As researchers have noted, there are lots of factors to consider when storing seeds and various ways to do so, but refrigeration is an effective, low-cost solution to storing seeds for future use.
How Do You Store and Plant Refrigerated Seeds?
One of my favorite seed suppliers is Renaissance Farms, a small company located in Indiana. The owner, who goes by the nickname Curtis T. Maters, really knows his stuff. He’s also got one of the largest collections of tomato seeds I’ve ever seen, even more than some of the biggest names in the seed supply business. Here’s how he stores seeds in the refrigerator.
My method is very similar, minus the refrigeration since I unfortunately don’t have room in mine for seed storage. Here’s what I use:
- a photo album storage case
- tiny zipped bags
- small manila envelopes
- lots of desiccant packets
When I harvest seeds for storage and germination, I keep close track of my seeds so that I don’t misplace them and have to identify them at a later time. I place them in small zipped bags, then squeeze them as flat as possible before zipping them up.
If you’ve got a vacuum sealer and lots of seeds to store, you can vacuum seal them, which is even better since it removes nearly all of the oxygen from the package.
After placing them in zipped bags, I slip those bags into labeled manila envelopes. I then insert desiccant packets into each of my photo storage cases to ensure everything remains as moisture-free as possible. Finally, I label my cases and place the manila envelopes in the appropriate case, then store everything in a cool, dark closet.
But let’s say you’ve stored your seeds in the refrigerator. How do you plant them once it’s time to do so?
Over the years, I’ve stored a few select seed varieties in my refrigerator, ones that I wanted to keep viable as long as possible, and I do one extra step before planting them in seed trays or out in the garden.
Refrigerated seeds will germinate like all other seeds, but given their storage temperature, they can be left at room temperature for several hours and allowed to warm before planting. Seeds with hard shells will germinate faster if softened in lukewarm water for 8-12 hours.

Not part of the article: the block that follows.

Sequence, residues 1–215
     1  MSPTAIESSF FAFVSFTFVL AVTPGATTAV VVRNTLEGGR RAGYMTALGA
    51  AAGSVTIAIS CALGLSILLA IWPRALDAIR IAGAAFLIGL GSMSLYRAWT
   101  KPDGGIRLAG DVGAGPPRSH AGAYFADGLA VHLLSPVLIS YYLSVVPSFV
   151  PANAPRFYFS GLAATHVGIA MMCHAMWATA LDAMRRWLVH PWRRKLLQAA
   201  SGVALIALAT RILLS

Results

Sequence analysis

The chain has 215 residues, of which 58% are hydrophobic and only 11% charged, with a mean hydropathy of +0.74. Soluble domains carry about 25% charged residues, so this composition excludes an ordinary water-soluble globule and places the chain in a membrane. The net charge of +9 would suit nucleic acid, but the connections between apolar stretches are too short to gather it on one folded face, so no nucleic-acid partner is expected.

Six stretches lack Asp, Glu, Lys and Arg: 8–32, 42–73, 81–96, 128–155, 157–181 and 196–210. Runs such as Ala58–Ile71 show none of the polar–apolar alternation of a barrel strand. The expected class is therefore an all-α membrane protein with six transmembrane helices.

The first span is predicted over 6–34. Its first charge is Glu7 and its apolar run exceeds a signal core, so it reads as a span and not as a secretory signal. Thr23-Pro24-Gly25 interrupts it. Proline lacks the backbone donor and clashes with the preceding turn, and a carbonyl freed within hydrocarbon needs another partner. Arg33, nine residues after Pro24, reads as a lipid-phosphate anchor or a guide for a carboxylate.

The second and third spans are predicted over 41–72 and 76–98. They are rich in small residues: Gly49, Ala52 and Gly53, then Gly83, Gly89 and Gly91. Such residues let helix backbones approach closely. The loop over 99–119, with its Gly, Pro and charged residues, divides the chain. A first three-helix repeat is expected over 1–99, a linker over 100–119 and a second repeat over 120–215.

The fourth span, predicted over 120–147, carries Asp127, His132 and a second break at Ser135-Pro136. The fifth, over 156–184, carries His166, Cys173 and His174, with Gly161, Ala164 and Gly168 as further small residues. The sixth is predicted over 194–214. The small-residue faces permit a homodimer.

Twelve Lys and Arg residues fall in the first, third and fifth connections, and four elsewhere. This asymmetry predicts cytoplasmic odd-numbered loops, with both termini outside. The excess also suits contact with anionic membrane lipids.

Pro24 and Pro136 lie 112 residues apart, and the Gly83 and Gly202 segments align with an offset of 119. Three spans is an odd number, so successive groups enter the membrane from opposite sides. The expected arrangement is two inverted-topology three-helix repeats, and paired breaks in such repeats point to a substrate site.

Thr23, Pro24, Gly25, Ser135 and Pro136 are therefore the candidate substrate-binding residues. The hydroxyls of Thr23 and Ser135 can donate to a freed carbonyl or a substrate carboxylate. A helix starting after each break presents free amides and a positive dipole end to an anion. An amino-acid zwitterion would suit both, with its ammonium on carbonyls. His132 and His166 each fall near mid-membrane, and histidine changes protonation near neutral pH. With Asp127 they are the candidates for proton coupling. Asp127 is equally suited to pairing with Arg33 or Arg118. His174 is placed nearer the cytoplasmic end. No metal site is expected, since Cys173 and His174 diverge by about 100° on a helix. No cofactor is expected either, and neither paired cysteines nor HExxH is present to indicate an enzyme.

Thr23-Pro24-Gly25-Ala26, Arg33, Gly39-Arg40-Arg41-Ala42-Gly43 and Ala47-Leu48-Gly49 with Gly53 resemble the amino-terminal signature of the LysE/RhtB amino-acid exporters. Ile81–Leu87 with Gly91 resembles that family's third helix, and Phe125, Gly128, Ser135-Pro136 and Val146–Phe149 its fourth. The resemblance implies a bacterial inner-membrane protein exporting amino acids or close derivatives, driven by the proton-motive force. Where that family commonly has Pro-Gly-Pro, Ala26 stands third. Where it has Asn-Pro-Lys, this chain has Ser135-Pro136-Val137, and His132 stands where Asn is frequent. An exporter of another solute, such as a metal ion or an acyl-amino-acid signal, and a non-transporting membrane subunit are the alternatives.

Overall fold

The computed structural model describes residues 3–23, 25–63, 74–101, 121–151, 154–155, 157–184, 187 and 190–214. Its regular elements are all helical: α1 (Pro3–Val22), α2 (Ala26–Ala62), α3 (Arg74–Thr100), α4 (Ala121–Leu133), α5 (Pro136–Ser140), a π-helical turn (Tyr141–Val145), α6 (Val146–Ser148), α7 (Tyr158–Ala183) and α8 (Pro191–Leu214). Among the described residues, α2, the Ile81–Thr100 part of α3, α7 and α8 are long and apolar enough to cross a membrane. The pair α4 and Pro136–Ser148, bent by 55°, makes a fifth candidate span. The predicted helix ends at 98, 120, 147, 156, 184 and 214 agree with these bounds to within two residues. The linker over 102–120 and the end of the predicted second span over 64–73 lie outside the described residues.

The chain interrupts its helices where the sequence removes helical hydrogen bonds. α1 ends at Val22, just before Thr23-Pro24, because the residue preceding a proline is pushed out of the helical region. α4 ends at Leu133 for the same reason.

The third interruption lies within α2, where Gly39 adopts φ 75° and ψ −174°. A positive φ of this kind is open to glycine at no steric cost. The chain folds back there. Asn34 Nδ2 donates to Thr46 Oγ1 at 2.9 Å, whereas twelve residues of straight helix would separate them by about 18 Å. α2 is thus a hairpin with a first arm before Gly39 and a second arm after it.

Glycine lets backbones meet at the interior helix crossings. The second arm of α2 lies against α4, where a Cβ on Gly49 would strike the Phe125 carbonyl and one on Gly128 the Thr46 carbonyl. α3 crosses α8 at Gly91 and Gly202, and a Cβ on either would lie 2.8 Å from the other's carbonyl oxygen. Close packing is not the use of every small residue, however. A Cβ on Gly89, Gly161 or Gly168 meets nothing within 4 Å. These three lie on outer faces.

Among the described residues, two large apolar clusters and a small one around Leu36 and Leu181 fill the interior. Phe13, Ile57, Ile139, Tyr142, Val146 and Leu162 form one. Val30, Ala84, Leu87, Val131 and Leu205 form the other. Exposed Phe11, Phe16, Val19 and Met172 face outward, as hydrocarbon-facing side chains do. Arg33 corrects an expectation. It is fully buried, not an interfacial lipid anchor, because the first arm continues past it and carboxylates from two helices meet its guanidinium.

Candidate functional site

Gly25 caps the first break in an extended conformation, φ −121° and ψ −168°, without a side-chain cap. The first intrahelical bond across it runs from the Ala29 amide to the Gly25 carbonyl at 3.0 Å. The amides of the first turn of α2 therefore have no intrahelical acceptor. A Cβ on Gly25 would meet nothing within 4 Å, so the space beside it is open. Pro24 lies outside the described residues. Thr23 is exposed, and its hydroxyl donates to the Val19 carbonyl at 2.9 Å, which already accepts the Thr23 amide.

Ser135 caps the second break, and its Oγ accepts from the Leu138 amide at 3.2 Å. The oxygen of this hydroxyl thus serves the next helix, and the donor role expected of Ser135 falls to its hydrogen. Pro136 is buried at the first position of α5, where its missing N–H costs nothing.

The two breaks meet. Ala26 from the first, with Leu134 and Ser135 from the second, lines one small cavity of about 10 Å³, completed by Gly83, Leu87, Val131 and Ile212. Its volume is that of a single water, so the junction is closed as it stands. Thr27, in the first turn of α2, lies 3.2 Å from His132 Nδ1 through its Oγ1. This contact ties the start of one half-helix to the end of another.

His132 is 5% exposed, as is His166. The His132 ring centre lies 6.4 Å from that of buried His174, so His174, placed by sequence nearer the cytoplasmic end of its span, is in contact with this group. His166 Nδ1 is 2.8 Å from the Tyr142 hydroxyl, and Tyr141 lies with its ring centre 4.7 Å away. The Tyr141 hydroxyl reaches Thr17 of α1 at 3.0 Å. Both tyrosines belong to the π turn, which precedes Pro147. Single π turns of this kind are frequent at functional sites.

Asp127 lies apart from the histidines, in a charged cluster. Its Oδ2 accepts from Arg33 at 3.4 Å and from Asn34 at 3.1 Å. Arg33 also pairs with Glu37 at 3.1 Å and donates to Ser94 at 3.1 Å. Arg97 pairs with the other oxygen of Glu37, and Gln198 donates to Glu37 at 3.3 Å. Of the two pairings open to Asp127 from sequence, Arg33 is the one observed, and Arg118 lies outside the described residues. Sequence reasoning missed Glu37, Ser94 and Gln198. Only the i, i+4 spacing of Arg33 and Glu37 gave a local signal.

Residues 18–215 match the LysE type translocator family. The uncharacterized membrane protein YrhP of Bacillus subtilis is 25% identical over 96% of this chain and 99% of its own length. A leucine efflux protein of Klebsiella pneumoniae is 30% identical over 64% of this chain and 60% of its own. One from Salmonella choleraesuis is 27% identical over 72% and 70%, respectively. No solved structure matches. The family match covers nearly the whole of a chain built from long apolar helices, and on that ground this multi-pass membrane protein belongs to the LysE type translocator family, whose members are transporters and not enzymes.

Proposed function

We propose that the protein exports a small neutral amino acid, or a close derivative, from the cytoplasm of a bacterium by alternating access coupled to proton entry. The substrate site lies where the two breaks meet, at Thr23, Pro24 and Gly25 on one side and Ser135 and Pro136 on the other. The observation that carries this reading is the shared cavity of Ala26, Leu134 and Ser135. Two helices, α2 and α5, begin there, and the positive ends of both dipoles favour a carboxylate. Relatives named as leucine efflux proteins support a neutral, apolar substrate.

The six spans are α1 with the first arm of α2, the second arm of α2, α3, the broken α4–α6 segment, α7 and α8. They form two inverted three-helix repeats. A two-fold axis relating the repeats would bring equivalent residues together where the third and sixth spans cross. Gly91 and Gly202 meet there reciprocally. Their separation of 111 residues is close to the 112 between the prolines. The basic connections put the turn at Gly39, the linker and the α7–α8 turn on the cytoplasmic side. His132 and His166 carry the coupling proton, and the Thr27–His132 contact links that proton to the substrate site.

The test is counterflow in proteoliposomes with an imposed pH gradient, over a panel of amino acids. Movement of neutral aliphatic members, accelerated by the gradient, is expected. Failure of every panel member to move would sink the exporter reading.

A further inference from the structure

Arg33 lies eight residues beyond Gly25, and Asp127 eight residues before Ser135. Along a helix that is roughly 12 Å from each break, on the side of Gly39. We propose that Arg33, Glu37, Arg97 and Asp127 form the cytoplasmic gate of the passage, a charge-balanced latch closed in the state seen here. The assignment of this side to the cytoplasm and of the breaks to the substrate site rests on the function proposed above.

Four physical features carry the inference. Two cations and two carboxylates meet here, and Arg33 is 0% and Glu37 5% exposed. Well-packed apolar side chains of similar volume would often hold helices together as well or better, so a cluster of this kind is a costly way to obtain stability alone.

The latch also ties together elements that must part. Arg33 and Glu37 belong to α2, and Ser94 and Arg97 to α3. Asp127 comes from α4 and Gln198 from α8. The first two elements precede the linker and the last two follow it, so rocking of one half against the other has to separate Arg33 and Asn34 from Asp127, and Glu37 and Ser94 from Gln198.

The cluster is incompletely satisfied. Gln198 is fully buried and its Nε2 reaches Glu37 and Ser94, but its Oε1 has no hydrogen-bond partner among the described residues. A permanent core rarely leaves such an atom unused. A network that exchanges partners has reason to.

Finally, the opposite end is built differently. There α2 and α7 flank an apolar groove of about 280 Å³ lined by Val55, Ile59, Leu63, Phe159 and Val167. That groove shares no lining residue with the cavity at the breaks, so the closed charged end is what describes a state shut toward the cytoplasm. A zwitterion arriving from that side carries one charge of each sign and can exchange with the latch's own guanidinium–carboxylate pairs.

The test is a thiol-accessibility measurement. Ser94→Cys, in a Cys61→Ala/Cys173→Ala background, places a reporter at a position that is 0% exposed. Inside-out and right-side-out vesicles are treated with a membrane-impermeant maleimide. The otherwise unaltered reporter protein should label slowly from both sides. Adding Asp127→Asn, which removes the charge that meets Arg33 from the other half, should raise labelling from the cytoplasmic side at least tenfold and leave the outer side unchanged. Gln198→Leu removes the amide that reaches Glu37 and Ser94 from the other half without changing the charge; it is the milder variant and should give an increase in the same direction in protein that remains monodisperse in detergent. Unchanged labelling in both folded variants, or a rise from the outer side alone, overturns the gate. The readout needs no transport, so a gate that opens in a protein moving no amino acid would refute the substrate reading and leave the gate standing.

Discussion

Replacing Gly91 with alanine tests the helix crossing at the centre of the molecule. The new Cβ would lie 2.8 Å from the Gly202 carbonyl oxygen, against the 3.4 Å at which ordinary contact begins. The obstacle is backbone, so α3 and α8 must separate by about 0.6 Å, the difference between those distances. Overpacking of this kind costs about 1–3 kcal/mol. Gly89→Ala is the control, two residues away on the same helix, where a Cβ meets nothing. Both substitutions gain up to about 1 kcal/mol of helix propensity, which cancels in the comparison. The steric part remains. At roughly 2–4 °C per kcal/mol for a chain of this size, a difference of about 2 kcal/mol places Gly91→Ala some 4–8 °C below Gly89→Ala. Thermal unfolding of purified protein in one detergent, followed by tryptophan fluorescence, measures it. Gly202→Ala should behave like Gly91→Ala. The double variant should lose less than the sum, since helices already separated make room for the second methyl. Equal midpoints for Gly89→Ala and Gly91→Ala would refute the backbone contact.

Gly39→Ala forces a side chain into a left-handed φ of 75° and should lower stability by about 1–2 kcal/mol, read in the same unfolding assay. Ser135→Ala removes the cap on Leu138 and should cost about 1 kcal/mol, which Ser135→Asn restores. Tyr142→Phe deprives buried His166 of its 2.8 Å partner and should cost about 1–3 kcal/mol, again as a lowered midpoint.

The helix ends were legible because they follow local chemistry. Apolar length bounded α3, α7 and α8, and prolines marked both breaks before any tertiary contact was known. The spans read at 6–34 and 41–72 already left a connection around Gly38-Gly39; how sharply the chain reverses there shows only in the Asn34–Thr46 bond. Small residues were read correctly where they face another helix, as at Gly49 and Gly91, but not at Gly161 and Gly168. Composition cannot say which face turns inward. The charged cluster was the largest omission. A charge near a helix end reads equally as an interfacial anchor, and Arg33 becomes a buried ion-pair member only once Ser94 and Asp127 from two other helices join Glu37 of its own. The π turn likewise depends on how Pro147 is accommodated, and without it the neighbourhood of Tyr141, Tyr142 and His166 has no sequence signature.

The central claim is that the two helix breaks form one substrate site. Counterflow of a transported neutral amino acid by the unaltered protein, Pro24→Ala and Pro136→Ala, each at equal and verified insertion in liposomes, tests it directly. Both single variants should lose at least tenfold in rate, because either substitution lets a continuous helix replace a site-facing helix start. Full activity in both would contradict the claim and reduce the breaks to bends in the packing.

For beans, cucumbers, melons, peas, and other such seeds, I simply put them in a glass of water right before bed, then plant them after I wake up in the morning. There’s no additional waiting around since they’ve done all the softening up they need to do during the nighttime hours.
For tomato seeds in particular, I follow these seed planting guidelines, a process that will work for many varieties.
But I prefer my step-by-step method for germinating and growing most seeds since I enjoy planting seeds directly in soil and waiting expectantly for the first tiny leaves (known as cotyledons) to pop up. For me, the waiting and anticipation is part of the fun when it comes to growing plants from seed.
Does Freezing Seeds Help with Germination?
Now that we’ve discussed refrigeration in detail, what about freezers? Can freezing seeds help with germination?
Freezing seeds can increase germination rates for certain varieties through a process known as stratification, wherein freezing temperatures mimic winter weather. When removed from the freezer and placed in warm, moist soil, the seeds sense spring-like weather, thereby increasing germination rates.
Although you don’t necessarily need to stratify your seeds, stratification can prompt seeds to germinate faster since you’ve essentially tricked their natural internal programming.
I used to garden in New Jersey, and the winters up there are very cold. When I place seeds in my freezer, I’m essentially sending a signal to the seed that says, “It’s cold outside. Go dormant and wait for spring.” After 2-3 days, I remove the seeds and place them in a nice, warm soil mix, which essentially tells them, “It’s spring. Time to grow.”
Simply put, when you stratify your seeds, you’re playing a subtle trick on them, making them believe it’s winter so as to mimic the natural world. Much like pushing the fast forward button when streaming a movie, stratification abbreviates the seasons so as to encourage seeds to germinate on your timeline, not nature’s.
The trick with stratification is to remember that it works best with plant varieties that thrive in regions with nice summer but cold winters. There’s simply no need to stratify the seeds of plants that thrive in hotter regions, such as cucumbers, eggplant, okra, and peppers, to name a few. They’re not naturally adapted to areas with harsh, freezing temperatures, so placing them in the freezer probably won’t impact germination rates much.
More About Seeds
If you’re interested in reading more about growing plants from seed, check out these articles I’ve written on tomato seeds. I grow tomatoes every year, so I’ve thought a lot about the best ways to grow beautiful tomato plants from seeds: